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Is time on your side? Issues with ‘time of the essence’ clauses in property contracts

Delays are one of the main sources of dispute amongst parties to property contracts. In clauses where ‘time is of the essence’, failure to perform an obligation in the time specified by the clause will put the defaulting party in breach of contract and entitles the innocent party to terminate the contract and claim damages.

If time is of the essence, the courts will enforce time limits very strictly. For example, in Union Eagle Limited v Golden Achievement Limited [1997] 2 WLR 341 the defaulting party performed the relevant obligation just 10 minutes late and this entitled the innocent party to terminate the contract.    

Contractual stipulations as to time - that are not ‘time of the essence’ clauses - are required to be performed  within a ‘reasonable time’. What is ‘reasonable’ will depend on the facts and circumstances of each particular case. A breach of these clauses is not itself a ‘repudiatory’ breach which entitles the innocent party to terminate the contract. The innocent party may still claim damages however for losses caused by the delay.

It is not always clear whether ‘time is of the essence’ of a clause or not.  The basic principles are as follows:

  1. Generally, contractual stipulations as to time are not to be regarded as stipulating ‘time of the essence’ unless the parties have expressly specified them to be so (United Scientific Holdings Limited v Burnley Borough Council [1978] AC 904).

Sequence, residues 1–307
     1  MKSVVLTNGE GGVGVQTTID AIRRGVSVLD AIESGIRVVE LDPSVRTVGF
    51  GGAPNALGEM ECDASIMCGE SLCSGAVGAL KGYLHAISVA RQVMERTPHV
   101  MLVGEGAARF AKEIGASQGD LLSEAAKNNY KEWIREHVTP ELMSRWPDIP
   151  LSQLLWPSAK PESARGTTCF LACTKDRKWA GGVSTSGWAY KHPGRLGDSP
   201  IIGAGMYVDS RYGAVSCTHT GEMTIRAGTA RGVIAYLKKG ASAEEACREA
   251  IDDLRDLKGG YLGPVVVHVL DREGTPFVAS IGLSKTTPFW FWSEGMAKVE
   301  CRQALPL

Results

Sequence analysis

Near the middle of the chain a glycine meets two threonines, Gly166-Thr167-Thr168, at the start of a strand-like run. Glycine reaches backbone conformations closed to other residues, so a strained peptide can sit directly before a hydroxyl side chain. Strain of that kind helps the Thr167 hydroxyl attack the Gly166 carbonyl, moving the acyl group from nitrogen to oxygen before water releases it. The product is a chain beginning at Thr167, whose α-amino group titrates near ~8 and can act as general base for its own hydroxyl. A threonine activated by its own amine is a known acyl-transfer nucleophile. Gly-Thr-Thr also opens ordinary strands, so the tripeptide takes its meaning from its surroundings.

2. Simply specifying a date for when the clause must be honoured is not enough to make time of the essence;
  3. It may be enough for the clause to state that performance within a specific time is a ‘condition’ or ‘condition precedent’ – however, this will depend on the context of the clause and the other terms of the contract (and therefore the most concrete way to ensure time is of the essence is expressly stating it to be so (see point 1 above)).

Even if a clause does not make ‘time of the essence’, where the defaulting party has ‘unreasonably delayed’ in performing an obligation, the innocent party can serve a notice making time of the essence.

Case law has identified that a notice making time of the essence should:

  1. Require the contract to be performed within a reasonable time (‘reasonable’ depending on the facts and circumstances of the case);
  2. State clearly that failing to comply with the notice will result in the contract being treated as being at an end;
  3. Be clear as to the actions required to satisfy the relevant obligations in the contract; and
  4. Be given by an innocent party who is ready, willing and able to perform their obligations upon the expiry of the notice.

If a notice making time of the essence is served, both parties are bound by it.  As such, if the innocent party is not ready to perform on the expiry of the notice, the other party may be entitled to terminate the contract.  Notices making time of the essence should therefore be issued with caution.

It is not uncommon in times of economic uncertainty for parties to try and delay performance of their contractual obligations.  As indicated above, in each case, the obligations and availability of remedies will depend on the specific wording of the clauses and the wider facts and circumstances of the matter.  

Please do not hesitate to get in touch with either Michael DuncanRob Nicholson or Henry Roberts if you require specific advice in relation to any of these issues.

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